In Oklahoma, our home state, all you have to do is walk into the health
department and fill out a quick form. In Indiana, where we were living when
Jason was born, they wanted not proof of pregnancy but written proof of a
doctor's exam of me AND the baby postpartum as well as proof of a PKU test
being performed (oh, and proof of residency). So we just made sure Jason was
born at his granny's house in Oklahoma (wink wink)."
called the vital statistics office (Washington state) for information about
filing for a birth certificate and, after being told SEVERAL times that the
doctor or midwife handles that, I got an answer. (I don't think she wanted to
tell me.) If the baby is less than 10 days old, all they need is ID, proof of
address, mom's signature and father's (or partner's) witness. If the baby is
over 10 days old, they also need a doctor's bill or letter on "official"
letterhead. If you ask me, a 9 day old baby looks a lot like a 12 day old baby
your question as to whether anyone had gotten a birth certificate without
providing proof of pregnancy, it may be harder to make a list of legal states
than you think. Why? Because as an example, a friend of mine and I live in the
state of Illinois, but she was required to provide proof of pregnancy, and I
was not. I hope this won't mean that you'll have to get the rules for each
county in our nation!"
CA the only way for a UC to get a birth certificate is to petition the court,
swear to the facts of birth, pay $32 and get a court ordered fact of live
birth, give them another $19 and they send that and a court order for delayed
registration of live birth to the state health department which sends you a
certified copy of the registration - a.k.a., a birth certificate. No proof of
anything other than your willingness to swear to the facts of birth as you've
stated them and your willingness to be held legally accountable and punishable
under all federal, state and local laws should you be found to have procured
this statement using falsehoods. It does make it go much more smoothly if you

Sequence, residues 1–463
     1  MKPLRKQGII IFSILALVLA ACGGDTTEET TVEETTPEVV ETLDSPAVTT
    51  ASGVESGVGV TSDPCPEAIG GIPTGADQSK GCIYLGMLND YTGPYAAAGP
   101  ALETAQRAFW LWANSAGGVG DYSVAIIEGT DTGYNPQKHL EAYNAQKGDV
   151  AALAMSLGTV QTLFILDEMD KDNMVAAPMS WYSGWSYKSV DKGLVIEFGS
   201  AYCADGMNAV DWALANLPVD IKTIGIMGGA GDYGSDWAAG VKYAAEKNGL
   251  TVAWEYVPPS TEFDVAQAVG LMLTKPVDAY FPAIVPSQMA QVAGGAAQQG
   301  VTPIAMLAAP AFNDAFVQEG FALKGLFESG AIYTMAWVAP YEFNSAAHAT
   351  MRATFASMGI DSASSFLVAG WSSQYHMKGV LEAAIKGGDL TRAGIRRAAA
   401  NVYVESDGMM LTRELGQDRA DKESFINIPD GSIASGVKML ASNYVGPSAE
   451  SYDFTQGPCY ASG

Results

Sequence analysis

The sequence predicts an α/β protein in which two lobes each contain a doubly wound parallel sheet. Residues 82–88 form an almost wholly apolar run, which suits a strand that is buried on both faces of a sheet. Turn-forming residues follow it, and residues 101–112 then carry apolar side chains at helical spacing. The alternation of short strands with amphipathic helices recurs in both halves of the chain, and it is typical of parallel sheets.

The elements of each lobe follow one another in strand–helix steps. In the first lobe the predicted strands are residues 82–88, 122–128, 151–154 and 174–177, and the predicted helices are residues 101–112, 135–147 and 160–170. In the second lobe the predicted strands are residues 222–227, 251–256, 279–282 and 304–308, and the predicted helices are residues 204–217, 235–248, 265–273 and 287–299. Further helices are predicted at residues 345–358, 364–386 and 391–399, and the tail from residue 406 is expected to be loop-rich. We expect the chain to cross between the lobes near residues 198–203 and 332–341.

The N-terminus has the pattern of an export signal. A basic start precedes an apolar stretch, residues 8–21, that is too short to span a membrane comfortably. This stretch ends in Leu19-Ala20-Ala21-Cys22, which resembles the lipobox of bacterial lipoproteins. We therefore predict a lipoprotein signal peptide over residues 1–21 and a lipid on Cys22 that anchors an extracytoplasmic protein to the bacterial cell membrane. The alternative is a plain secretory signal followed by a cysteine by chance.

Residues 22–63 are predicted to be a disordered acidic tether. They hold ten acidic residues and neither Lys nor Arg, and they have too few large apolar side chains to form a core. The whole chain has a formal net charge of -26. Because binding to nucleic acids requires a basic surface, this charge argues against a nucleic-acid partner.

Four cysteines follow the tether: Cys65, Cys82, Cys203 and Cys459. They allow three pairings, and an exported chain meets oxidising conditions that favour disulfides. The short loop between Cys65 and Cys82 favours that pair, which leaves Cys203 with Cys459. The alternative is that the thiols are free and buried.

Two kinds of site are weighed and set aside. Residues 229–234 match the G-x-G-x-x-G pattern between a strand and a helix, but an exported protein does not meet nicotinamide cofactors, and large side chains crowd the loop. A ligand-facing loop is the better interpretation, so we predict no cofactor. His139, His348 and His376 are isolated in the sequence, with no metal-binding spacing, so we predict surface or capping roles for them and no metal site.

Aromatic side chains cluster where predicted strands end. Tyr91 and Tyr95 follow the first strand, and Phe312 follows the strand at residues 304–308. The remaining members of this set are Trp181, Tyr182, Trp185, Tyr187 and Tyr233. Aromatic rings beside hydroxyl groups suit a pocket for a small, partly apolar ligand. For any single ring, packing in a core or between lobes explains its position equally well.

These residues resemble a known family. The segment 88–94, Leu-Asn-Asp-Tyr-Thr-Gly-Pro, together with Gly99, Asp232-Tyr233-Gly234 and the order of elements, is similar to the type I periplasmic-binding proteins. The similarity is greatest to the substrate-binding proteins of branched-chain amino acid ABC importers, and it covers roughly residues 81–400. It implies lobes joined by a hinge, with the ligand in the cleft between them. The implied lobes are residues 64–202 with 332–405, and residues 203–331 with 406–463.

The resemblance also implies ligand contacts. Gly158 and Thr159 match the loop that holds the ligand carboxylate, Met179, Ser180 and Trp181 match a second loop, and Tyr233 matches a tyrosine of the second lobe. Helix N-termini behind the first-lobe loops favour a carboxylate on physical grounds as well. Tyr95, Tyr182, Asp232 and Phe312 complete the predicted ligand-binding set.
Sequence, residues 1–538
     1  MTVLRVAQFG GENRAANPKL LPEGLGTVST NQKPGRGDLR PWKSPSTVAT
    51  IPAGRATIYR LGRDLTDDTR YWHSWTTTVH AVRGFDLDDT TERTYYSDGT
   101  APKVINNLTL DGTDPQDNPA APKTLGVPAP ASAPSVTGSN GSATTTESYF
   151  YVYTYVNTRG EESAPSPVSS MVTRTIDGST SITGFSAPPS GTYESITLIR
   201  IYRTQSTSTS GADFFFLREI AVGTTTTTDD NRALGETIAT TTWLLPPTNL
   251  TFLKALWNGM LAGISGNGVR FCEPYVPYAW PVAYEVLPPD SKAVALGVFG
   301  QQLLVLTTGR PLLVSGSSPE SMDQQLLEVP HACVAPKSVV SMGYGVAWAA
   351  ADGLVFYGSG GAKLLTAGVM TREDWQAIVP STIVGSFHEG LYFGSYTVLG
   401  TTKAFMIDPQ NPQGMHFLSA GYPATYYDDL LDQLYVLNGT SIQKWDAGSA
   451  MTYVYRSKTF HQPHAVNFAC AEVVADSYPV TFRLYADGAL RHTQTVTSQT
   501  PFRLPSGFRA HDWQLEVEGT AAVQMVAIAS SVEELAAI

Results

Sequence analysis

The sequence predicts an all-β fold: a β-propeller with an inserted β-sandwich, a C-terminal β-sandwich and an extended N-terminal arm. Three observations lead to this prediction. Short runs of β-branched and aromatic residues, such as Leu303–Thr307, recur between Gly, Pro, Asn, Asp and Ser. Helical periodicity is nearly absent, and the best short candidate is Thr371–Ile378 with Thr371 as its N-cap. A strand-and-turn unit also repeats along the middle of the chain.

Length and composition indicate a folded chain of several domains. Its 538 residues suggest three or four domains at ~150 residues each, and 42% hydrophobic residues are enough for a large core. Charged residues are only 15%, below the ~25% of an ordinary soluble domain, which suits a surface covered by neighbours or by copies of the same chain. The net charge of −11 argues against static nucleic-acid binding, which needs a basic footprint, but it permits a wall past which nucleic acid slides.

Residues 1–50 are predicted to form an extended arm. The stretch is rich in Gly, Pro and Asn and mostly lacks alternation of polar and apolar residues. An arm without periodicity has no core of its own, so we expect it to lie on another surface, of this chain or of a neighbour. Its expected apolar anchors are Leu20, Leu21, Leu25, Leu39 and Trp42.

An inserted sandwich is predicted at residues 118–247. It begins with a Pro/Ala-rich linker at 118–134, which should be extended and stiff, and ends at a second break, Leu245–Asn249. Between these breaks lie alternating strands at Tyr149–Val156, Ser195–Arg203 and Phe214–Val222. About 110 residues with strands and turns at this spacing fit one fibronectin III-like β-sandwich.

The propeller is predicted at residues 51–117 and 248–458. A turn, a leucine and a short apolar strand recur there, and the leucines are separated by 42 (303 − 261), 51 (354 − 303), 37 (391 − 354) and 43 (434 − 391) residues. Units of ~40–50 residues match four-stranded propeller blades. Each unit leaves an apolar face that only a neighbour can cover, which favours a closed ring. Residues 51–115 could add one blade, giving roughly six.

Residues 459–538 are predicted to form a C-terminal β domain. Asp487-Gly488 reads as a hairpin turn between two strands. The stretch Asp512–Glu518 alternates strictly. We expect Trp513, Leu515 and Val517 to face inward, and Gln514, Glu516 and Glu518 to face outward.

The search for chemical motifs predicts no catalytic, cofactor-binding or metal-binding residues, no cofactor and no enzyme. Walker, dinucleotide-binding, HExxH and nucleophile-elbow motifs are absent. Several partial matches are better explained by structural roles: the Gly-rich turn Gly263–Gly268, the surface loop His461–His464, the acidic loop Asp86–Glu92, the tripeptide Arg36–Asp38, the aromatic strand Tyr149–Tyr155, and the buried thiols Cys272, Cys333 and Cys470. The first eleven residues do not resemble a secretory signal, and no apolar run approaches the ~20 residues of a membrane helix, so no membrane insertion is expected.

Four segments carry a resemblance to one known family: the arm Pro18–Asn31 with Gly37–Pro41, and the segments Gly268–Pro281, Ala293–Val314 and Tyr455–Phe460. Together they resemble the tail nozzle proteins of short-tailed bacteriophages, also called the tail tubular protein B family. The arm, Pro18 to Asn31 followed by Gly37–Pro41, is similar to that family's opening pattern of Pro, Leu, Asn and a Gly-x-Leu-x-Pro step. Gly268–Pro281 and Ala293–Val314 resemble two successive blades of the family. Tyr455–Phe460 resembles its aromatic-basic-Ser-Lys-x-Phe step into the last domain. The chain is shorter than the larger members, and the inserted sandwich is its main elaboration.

provide backup "proof" but I just submitted a photo of me at my baby shower,
obviously pregnant, and a copy of the chiropractor bill from when my son was 6
days old and I went in for a post-natal adjustment."
is still legal in Alberta but there have been some rumors that some midwives in
particular are wanting to make it illegal for anyone but a doctor or a
registered midwife to deliver a baby. I am keeping my eyes open on that one and
the first sign of it I will round up some people and fight it with everything
I've got. I don't think it would succeed though...I mean, how is one supposed
to control something like that? I don't see how they could enforce it. If all
else fails we can say 'Oops, didn't make it to the hospital!' It was very easy
getting a birth certificate. No one asked any questions and when we registered
Sinéad's birth no one blinked an eye when we put Kim's name under 'who
delivered the baby.' Though I was half tempted to change that to me, as all he
did was catch her. :)"
Portugal it is quite simple to get a certificate, even if homebirths are
extinct. It's usual to show a document the doctor signs at the hospital and
people think it's required by law, but it's not. What is required by law is
only the identifications of both parents. I also had to show proof of my home
address because the one in the ID was my mother's house (any other legal
document or receipt will do)."